We all know what 1994 meant to all the Ranger fans all around the world, but the year 1997 will always stand out in my mind. That was the only season that Mark Messier, Wayne Gretzky, Brian Leetch, Adam Graves and Mike Ricther all got to play together and if it wasn’t for some key injuries (namely Leetch playing valiantly with a hurt wrist and some others ailing as well) and the dominant performance of Eric Lindros for the Flyers in the Eastern Conference semifinals, we could possibly taking about 1997 as a Stanley Cup year too.
While the Rangers won the Cup in 1994, I moved away from New York to a small town called Doylestown (a suburb of Philadelphia), and imagine how my Rangers jacket and championship T-shirts went over there. Eventually, in 1996-1997 I ended up in Houston, Texas. After a return trip to New York to visit family, I attended my first Rangers game against the Los Angeles Kings and was hooked, despite missing the second period while I had to wait outside a suite as my dad partied it up with some suits. My family was heavily into hockey since my uncle got a job at Madison Square Garden working as a video replay judge, but after seeing it live I could not wait to get back to Houston and start playing. I met a kindred hockey spirit in middle school – he was a Flyers fan though- but we both loved the sport and began learning how to play roller hockey before eventually graduating to the ice.
My grandmother bought me my first pair of gloves — black, red and blue Mark Messier Louisville’s — and I used those until the palms came off. When my grandmother died years later, I always remember that she got me my first pair of hockey gloves.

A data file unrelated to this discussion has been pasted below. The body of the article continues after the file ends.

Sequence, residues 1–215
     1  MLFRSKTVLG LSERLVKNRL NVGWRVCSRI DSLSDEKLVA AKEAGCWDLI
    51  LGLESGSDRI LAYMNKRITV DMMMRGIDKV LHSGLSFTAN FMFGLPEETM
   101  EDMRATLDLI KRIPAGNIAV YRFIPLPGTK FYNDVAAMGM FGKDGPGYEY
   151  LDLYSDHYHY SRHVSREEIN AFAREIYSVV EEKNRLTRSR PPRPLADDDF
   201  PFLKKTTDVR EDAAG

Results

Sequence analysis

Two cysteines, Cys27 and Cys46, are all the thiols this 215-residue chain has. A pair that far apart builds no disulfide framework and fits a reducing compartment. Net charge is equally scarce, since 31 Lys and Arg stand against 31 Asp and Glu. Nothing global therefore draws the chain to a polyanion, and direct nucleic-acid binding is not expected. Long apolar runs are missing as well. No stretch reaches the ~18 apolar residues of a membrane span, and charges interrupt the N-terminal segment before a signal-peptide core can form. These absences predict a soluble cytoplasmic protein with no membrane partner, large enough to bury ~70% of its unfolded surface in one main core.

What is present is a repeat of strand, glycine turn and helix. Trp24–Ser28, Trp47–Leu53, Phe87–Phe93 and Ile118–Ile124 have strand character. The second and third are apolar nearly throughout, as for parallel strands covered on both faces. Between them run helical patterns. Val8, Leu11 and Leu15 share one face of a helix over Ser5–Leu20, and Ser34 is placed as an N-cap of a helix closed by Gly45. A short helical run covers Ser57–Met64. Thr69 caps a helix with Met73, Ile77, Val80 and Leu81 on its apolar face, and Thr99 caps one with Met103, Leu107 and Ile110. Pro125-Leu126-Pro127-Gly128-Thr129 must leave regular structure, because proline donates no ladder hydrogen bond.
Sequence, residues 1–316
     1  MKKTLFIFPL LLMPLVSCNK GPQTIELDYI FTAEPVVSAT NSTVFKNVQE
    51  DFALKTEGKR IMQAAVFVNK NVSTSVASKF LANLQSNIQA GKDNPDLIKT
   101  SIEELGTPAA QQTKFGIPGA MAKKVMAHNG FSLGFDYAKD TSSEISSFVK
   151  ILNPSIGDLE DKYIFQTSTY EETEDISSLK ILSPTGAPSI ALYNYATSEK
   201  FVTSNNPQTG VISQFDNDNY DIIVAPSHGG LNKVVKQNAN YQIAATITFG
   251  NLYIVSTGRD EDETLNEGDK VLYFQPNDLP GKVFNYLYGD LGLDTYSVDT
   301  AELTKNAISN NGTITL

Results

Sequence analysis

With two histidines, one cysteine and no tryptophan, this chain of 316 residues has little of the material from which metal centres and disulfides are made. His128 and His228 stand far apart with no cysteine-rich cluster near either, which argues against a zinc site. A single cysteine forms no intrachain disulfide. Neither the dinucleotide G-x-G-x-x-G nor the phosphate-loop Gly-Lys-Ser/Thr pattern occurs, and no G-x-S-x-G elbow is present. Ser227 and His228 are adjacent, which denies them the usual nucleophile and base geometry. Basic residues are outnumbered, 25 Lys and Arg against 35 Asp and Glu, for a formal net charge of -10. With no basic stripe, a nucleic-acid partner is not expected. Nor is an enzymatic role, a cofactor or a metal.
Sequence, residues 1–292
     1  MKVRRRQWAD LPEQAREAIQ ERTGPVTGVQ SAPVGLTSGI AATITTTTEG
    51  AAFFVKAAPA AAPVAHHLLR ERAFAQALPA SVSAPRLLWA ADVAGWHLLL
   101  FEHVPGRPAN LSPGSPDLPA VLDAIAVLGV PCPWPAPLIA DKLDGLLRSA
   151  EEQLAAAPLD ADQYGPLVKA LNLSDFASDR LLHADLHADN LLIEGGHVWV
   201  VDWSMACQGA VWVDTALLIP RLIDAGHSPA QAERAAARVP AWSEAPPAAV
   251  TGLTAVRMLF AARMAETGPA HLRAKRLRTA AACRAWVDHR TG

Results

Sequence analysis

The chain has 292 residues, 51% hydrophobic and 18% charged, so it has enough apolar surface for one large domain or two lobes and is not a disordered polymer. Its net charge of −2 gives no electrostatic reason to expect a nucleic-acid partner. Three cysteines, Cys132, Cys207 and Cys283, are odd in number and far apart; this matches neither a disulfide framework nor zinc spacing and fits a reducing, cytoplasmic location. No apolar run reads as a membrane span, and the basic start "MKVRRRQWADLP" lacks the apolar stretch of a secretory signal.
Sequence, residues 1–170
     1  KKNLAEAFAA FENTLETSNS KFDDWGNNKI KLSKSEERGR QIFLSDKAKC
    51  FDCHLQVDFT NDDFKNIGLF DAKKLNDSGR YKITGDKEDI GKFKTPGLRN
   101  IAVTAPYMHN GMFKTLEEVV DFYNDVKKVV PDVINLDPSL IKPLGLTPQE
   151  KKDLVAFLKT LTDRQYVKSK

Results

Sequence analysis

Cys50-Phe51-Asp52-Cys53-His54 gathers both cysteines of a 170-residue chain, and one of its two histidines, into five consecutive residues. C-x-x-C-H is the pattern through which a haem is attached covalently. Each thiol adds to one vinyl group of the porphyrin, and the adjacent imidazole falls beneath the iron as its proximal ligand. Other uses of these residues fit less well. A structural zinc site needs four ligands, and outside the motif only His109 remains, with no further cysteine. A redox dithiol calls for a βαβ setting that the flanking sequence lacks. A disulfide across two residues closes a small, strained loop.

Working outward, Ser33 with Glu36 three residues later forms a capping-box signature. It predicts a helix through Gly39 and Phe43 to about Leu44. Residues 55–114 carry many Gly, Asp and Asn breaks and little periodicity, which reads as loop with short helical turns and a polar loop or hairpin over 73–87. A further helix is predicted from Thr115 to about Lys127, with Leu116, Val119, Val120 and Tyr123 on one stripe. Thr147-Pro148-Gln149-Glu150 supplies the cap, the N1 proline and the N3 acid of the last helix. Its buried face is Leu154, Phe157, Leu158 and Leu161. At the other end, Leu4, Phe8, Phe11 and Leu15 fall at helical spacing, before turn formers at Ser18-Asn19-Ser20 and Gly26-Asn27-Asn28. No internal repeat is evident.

I spent the year of 1997 learning how to play and trying to watch all the Ranger games that would come on ESPN. I’d play my NHL Faceoff ’97 game on Play Station religiously, and my Flyer fan friend and I could not enough hockey.
While I was adding to my hockey addiction, the Rangers put together a memorable season. It was, for starters, Gretzky’s first season on Broadway, reunited with Messier (anyone else remember the ‘New York’s Finest’ posters that came out with Gretz and Mess on them?). Gretzky did not disappoint, leading the team with 25 goals and 72 assists for 97 points. Messier was just behind with 84 points and continued to be the best captain in the entire league with his combination of skill, passion and grit. Leetch had one of his finest seasons too, winning his second Norris Trophy for best defenseman and further established his reputation of being one of the game’s great blue liners.
Superstars aside, this 1997 team also had the likes of Niklas Sundstrom ( I was convinced he would be a star), Ulf Samuelsson, Jeff Beukeboom, Doug Lidster, Luc Robitaille and countless others ( heck, I even thought Christian Dube and Daniel Goneau were pretty rad too).
The memories came in the playoffs. Gretzky blasting slap shot after slap shot past John Vanbiesbrouck for a hat trick as the Rangers knocked off the Florida Panthers in the first round. Anyone else remember the gutsy performances the rest of the playoffs by Esa Tikkanen and Russ Courtnall? What about Graves’ (wearing the fresh new Liberty head third jersey) series-clinching wrap-around on Martin Brodeur to knock out the Devils in overtime? I really felt if it wasn’t for Lindros’ coming-out party in the next round, the Rangers could have possibly beaten Detroit. That summer was a depressing one for Ranger fans, as just as my away blue starter Messier jersey arrived in the mail, a week later he bolted to the Vancouver Canucks.
The point of this column is what makes this game great — that certain moments in time can elicit bold memories from on the ice and from our own world.
Afternoon update: Kovy speaks.
Not that I see anybody’s been clamoring for this, but here’s a link to Kovalchuk’s press conference this afternoon and the story about his desire to be “a Devil for life.” Well, we’ll see about that, won’t we.